A southbound tractor-trailer coming around a slight curve and downhill grade applied its brakes and first struck a northbound car. It then left the road and struck the car in the initial accident that struck the driver and Moore.

Moore was transported to Richmond Memorial Hospital in Rockingham where he was pronounced dead. The driver of the initial accident vehicle was thrown over a guardrail he was transported to Richmond Memorial but his condition was unknown.

Trooper Edwards said the driver of the northbound and an infant were transported to another hospital, treated and released.

The truck driver was not transported. Trooper Edwards said he has been charged with Misdemeanor Death by Motor Vehicle.

Ellerbe Rescue, Inc. runs BLS and rescue calls with about 20 volunteer members and responded to the scene along with the Ellerbe Fire Department.

Visitation and Funeral Information:

Visitation will be Wednesday, 6:30-8:30 p.m. at the Carter Funeral Home in Ellerbe.

The funeral will be held Thursday, 2 p.m. at the Exway Baptist Church, 2119 County Line Road, Mount Gilead, seven miles west of Ellerbe.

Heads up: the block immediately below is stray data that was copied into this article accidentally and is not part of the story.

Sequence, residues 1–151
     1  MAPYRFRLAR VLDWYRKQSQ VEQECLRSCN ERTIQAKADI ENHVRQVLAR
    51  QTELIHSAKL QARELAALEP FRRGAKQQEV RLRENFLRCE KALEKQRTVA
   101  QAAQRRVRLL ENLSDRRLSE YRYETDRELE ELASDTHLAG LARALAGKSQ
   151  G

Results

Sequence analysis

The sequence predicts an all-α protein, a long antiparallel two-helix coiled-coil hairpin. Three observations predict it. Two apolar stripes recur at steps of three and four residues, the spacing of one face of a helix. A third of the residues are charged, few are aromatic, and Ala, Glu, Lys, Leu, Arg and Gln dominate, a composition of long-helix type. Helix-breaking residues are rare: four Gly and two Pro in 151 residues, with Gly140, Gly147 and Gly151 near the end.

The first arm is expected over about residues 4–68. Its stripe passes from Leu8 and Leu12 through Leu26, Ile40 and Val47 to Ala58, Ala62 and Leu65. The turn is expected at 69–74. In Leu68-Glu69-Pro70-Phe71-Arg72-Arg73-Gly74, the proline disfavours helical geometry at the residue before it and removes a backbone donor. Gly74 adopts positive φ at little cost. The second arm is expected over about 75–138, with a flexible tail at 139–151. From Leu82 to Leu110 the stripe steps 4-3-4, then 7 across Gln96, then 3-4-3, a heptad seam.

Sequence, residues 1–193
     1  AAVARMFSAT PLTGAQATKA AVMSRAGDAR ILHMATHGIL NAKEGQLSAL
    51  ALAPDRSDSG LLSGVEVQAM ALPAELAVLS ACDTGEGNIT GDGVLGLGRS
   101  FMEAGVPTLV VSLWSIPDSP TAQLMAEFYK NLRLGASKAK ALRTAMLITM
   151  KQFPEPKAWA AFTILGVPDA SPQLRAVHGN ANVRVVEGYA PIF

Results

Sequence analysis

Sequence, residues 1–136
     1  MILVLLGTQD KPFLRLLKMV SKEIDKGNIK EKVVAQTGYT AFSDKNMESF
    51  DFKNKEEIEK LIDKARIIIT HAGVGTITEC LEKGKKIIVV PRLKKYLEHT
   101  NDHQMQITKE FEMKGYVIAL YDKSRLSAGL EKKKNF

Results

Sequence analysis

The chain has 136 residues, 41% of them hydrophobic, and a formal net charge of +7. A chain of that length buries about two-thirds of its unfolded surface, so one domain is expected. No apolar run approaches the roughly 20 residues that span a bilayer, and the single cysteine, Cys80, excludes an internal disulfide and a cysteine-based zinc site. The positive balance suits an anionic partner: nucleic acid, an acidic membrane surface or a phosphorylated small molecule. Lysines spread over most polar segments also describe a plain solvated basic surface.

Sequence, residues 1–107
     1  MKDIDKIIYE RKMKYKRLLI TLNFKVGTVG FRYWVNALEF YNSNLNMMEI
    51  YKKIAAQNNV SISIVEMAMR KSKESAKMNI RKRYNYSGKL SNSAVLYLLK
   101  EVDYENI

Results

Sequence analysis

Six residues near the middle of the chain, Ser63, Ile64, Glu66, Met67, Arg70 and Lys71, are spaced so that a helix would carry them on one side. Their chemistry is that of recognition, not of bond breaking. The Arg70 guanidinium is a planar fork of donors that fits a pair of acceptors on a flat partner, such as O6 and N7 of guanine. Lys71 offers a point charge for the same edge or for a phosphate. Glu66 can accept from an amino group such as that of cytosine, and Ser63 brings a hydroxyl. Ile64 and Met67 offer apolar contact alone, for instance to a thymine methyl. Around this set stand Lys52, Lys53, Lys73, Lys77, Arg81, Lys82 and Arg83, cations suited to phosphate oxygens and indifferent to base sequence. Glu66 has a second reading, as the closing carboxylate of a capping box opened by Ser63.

8/7/2002 FDNY Gives Back to North Carolina
FDNY will be back to North Carolina to show its support for this NC Fallen Firefighters. A van retired from service by the FDNY will be presented to NCFFF and both will be holding a joint fundraiser dinner. It will be held at Hayes Barton Baptist Church in Raleigh on Aug. 24,2002 at 6:00 P.M. The cost is $50.00 per person. Several firefighters from New York will be coming down bringing a van, tools found in the World Trade Center and some steel. The menu for the meal will be prime ribeye steak and chicken breast, bake potatoes and cream potatoes, toss salad, pasta salad, hordivors and desserts. Beverages will be sweet tea, unsweet tea, soft drinks and bottled water. To reserve your space to this limited event call toll free 1-877-810-1800 or local to Raleigh 1-919-834-1800.
8/7/2002 The Golf Tournament scheduled for August 12th has been cancelled.
The Golf Tournament scheduled for August 12th has been cancelled. Please check back for future events.
8/4/2002 See the Pictures of the 1st Memorial Sculpture Unveiled.

Check out the 1st Memorial Sculpture Unveiled.

8/4/2002 New Pictures added for Blazin Wheels 2002
Check out the new pictures from Blazin Wheels 2002. Click here to see the pictures.